U.S. election workers toil to count thousands of votes in Senate races
Arizona and Nevada election workers were toiling on Friday to tally hundreds of thousands of ballots that could determine control of the U.S. Senate and the shape of President Joe Biden’s next two years in office, in a vote count that officials in the two battleground states warn could drag on for days.
Winning both contests would give either Democrats or Republicans a Senate majority, while a split would transform a Dec. 6 runoff Senate election in Georgia into a proxy battle for the chamber.
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Political analysts are anticipating a rush of campaign funds into Georgia as Republicans and Democrats gear up for the final battle of the 2022 midterm elections.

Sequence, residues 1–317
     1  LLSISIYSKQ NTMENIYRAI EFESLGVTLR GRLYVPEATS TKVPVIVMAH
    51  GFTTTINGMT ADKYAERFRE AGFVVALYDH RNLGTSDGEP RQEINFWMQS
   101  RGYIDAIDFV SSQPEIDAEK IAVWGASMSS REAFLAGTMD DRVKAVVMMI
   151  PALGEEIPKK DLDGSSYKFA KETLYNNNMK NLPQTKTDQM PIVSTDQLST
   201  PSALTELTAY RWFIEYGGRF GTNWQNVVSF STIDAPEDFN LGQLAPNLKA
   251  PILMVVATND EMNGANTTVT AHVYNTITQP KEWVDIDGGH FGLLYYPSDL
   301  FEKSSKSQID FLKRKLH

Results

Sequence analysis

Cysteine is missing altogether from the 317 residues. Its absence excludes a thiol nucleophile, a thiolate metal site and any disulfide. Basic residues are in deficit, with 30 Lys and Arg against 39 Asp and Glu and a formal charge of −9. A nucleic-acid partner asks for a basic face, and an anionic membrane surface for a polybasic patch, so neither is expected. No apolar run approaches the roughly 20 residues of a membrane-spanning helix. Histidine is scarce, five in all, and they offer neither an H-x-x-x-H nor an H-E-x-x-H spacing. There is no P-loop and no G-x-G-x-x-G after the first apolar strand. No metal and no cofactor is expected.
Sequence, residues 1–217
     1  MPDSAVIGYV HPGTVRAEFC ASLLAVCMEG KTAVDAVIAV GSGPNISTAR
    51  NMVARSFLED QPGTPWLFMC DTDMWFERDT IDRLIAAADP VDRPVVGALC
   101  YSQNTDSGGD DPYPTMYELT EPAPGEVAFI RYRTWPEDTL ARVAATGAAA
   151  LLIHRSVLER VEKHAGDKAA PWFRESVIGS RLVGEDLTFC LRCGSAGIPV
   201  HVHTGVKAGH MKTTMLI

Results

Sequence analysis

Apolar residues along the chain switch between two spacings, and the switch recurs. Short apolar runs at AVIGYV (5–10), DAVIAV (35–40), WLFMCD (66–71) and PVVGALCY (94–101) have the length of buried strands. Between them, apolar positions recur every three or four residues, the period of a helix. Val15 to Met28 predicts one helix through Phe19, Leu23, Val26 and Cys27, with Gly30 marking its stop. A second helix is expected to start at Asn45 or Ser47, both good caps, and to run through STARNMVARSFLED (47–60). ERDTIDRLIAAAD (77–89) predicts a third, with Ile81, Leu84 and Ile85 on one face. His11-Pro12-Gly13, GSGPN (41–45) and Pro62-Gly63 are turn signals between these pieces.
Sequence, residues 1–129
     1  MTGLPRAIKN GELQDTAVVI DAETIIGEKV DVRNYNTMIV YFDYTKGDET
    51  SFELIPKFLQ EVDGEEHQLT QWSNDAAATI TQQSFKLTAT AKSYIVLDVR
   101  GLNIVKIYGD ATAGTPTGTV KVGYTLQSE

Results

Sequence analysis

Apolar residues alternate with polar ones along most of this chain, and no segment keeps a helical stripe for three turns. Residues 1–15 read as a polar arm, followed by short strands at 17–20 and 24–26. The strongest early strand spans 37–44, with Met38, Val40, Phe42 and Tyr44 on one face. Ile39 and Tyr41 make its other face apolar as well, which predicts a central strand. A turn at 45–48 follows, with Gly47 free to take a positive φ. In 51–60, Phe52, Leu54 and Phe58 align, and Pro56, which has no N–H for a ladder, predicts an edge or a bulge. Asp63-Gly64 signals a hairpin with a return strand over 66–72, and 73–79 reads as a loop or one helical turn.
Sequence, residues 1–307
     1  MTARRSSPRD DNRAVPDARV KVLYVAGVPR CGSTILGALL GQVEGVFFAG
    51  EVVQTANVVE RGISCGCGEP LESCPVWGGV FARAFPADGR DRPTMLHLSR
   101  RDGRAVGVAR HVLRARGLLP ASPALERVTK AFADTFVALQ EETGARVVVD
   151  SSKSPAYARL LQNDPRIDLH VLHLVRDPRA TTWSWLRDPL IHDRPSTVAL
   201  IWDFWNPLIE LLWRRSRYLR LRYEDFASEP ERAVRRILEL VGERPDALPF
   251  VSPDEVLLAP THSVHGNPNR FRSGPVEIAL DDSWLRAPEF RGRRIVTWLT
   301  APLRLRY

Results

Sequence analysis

In Arizona, law enforcement officials remained on high alert for potential protests, with barricades and security fencing erected around the Maricopa County elections department, where dozens of officials are working 18-hour days to verify outstanding ballots and tabulate votes.
Kari Lake, the Republican gubernatorial candidate in Arizona, has criticized election officials in Maricopa County, the state’s most populous, as “incompetent” and “despicable,” accusing them of deliberately delaying the vote counting.
Bill Gates, chairperson of the Maricopa County Board of Supervisors and a Republican, bristled at Lake’s comments. “Everybody needs to calm down a little bit and turn down the rhetoric. That’s the problem with what’s going on with our country right now,” he told reporters.